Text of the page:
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Mind and its Functions

Of the contemplations of the sense faculties, that of the mind itself is the most difficult. Buddhadharma analyzes the mind into its individual components to better understand its nature and workings, but all the components function together in a seamless, ever-changing continuum. The major components are the six consciousnesses (vijnanas), the faculty of mind (mana) and its objects (dhatus), and base-consciousness (citta).

Consciousness, vijnana, also called the primary mind, is comprised of the six consciousnesses proper. The first five are the consciousnesses of eye, ear, nose, tongue and body. Their functions are purely that of recognition or perception—the ability to discern and distinguish phenomena. They are not colored by the ideas and attachments of a self, and are neither wholesome nor unwholesome. The sixth consciousness, or mental consciousness, has a corresponding sense organ, the parts of the brain and nervous system related to sensory awareness. It also includes, to some extent, the moment-to-moment awareness, which is actually part of the seventh consciousness.

Mana, the faculty of mind, discriminates and makes sense of what the sixth consciousness recognizes. In a sense mana is like a manager who makes decisions based upon deeply rooted ideas of what is, and is not, beneficial to the self. It can be considered the seventh consciousness, although the seventh consciousness is too interconnected with the sixth and eighth consciousnesses to be so clearly distinguished. The functioning aspect of mana is reasoning or thinking that is grounded in self-grasping and selfidentity. Mana is mental continuum itself, produced by an ever-changing physiological process, as well as the moment-to-moment awareness caused by successive thoughts. For these reasons, the faculty of mind has no fixed, unchanging existence. It is directly influenced by wholesome and unwholesome mental objects, and it can be either conceptual or perceptual in its function. Furthermore, it can function as the delusion of ordinary mind, or the true suchness of enlightened mind.

Base-consciousness, citta is the eighth consciousness. If vijnana is the worker and mana the manager, then citta is the overseer, or that aspect of mind that collects the karma generated by the mind’ s response to phenomena. Citta is both the basis of our bondage to samsara and as well as our realization of nirvana— it is the foundation of our existence. For the unenlightened, it is a repository of karmic imprints and propensities for all deeds committed in the past. These past imprints condition our physical appearance, personality, habits, and our general experience of the environment in this life. Mental consciousness (vijnana) and base-consciousness (citta) are related to, and dependent on, the mind faculty, in that without the latter, they cannot function.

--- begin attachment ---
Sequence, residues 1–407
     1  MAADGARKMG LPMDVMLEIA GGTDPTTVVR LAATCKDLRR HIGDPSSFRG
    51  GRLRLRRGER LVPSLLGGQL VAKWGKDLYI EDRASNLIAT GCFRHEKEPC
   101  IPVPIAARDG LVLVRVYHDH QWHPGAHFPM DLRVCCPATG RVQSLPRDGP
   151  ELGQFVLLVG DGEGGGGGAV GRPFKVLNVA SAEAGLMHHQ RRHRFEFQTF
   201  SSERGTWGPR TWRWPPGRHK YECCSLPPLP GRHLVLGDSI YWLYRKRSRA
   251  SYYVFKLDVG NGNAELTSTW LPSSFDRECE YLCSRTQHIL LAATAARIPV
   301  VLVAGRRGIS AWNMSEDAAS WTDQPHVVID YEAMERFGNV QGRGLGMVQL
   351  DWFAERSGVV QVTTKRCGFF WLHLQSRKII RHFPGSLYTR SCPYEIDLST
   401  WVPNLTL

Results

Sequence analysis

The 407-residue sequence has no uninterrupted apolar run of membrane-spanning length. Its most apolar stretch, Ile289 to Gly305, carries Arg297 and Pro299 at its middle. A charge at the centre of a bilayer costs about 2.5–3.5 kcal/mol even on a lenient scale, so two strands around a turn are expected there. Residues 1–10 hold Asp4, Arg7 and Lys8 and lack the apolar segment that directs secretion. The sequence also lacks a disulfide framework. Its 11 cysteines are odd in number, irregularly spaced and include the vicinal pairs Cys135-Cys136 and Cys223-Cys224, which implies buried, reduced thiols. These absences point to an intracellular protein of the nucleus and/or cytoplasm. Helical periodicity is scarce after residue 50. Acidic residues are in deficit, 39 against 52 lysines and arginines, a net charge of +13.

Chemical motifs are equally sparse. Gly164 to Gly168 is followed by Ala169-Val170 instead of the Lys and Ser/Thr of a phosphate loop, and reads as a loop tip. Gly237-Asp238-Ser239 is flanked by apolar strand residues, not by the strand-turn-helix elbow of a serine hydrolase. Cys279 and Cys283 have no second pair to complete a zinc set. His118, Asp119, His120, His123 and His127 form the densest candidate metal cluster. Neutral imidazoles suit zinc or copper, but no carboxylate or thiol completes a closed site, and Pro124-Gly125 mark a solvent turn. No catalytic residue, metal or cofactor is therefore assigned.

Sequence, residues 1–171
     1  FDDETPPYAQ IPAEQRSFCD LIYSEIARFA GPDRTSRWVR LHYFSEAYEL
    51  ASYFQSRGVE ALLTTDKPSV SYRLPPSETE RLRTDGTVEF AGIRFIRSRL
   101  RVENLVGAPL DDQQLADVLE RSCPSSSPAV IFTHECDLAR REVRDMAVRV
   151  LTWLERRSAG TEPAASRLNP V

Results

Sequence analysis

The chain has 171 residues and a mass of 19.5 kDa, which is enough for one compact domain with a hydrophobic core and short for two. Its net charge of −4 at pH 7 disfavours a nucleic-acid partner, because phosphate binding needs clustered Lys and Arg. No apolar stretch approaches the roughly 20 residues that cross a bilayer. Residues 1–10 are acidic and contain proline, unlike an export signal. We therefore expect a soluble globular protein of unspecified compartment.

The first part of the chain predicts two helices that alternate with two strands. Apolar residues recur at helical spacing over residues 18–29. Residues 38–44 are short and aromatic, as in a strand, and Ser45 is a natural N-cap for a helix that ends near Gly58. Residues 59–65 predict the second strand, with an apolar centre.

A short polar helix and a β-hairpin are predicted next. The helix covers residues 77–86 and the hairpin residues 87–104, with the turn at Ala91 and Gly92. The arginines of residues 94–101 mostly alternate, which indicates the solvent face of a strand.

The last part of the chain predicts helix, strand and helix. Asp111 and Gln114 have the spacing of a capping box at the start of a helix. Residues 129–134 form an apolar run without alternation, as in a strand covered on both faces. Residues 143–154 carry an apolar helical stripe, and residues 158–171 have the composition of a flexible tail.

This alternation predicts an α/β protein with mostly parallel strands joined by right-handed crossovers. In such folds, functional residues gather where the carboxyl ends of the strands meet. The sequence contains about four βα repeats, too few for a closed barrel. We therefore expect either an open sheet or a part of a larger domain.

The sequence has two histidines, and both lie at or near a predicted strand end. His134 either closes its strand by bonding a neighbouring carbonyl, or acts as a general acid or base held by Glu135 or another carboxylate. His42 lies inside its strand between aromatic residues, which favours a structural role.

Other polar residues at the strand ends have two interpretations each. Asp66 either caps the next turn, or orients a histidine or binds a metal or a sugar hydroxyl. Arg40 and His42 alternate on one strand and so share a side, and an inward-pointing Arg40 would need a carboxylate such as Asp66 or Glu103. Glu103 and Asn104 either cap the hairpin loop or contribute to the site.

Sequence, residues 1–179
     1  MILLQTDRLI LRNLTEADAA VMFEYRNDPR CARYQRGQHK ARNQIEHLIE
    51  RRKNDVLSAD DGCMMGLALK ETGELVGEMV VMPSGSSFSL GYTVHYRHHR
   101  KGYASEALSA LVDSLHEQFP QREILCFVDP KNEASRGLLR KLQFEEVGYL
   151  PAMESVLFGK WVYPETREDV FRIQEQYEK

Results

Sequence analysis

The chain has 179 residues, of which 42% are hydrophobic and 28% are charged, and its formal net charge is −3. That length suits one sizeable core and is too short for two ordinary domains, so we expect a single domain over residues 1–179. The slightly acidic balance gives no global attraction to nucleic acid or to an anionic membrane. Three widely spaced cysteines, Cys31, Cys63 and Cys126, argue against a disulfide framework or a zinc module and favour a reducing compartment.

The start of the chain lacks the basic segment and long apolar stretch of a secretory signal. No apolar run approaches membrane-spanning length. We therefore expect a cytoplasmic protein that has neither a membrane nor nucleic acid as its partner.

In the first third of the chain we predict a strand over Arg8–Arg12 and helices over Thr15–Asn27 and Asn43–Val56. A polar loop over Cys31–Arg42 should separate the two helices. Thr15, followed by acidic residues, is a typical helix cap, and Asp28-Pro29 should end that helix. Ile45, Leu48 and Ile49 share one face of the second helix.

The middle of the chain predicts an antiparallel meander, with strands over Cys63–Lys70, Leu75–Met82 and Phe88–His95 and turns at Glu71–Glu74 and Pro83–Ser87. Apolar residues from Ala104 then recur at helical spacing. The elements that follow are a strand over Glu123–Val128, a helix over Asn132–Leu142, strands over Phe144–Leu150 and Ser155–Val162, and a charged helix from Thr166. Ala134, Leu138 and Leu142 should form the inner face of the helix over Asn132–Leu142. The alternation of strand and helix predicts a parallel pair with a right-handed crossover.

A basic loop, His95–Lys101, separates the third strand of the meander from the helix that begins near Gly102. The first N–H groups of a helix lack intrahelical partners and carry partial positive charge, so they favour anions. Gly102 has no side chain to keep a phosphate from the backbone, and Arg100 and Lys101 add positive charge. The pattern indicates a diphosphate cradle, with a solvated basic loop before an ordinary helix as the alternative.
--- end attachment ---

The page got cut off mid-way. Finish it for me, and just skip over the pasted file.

Mental factors (dhatus) are the symbols with which the consciousnesses make sense of the interactions between sense organs and sense objects. They also refer to the reasoning, feeling, emotions, memory, and other mental functions, that lead to all kinds of experience and interaction. One school of Buddhism speaks of fifty-one mental dharma states. Actually, this is just an expedient delineation of the different states of mind, for in truth there are innumerable subtle mind-states. We will not discuss the dhatus in detail, suffice to say that each differs in its object of apprehension, mode of apprehension, and degree of intensity.

When negative attitudes like greed and jealousy dominate our mind, we tend to commit actions that cause frustration and dis-ease in ourselves and in others. Conversely, when wholesome factors like compassion and humility pervade the mind, our actions lead to well-being and stability. Hence, our persistent striving to manipulate the external environment to find happiness and dispel suffering is futile, for it is the negative mental factors dwelling inside us that cause all our suffering and confusion.

Perhaps an illustration would make this clearer. Picture a hand holding a medicine dropper that drips colored dye into a glass filled with clear water. The empty glass is the base-consciousness, or eighth consciousness (citta); it has no particular function except to retain whatever amount of water you put in it. The water inside of the glass, being pure and clear before the dye taints it, corresponds to the primary consciousnesses (vijnana), or the six consciousnesses. The hand and its action of dripping dye into the glass represent the self-grasping nature of the faculty of mind, or seventh consciousness. The dripping dye, conditioned by this self-grasping, refers to dhatus,thoughts, feelings, and their corresponding symbols. When the dye (dhatu) enters the glass, the clear water (six sense consciousnesses) is tainted by the colors of thoughts and feelings. If this were not to happen, the eye consciousness would act purely like a camera, the ear consciousness purely like a recorder-we would perceive all things ‘as they are.’ But for ordinary sentient beings, the seventh consciousness, the self-notion, is forever conditioning and coloring how we interact with others and the world, tinging our experience with all sorts of colorings.

All of these aspects of mind are inextricably interconnected. None of them can exist by themselves. Thinking and feeling both rely on symbols (dhatus). The capacity to feel and think must be stored in the repository base-consciousness (citta). The very reason that the self-grasping mind faculty continues is due to the karmic momentum stored in the base consciousness. In turn, these karmic imprints stored in the eighth consciousness manifest when proper causes and conditions arise from the interaction between the primary mind (vijnana) and the environment.



 --There Is No Sufferings, p.0065-0069


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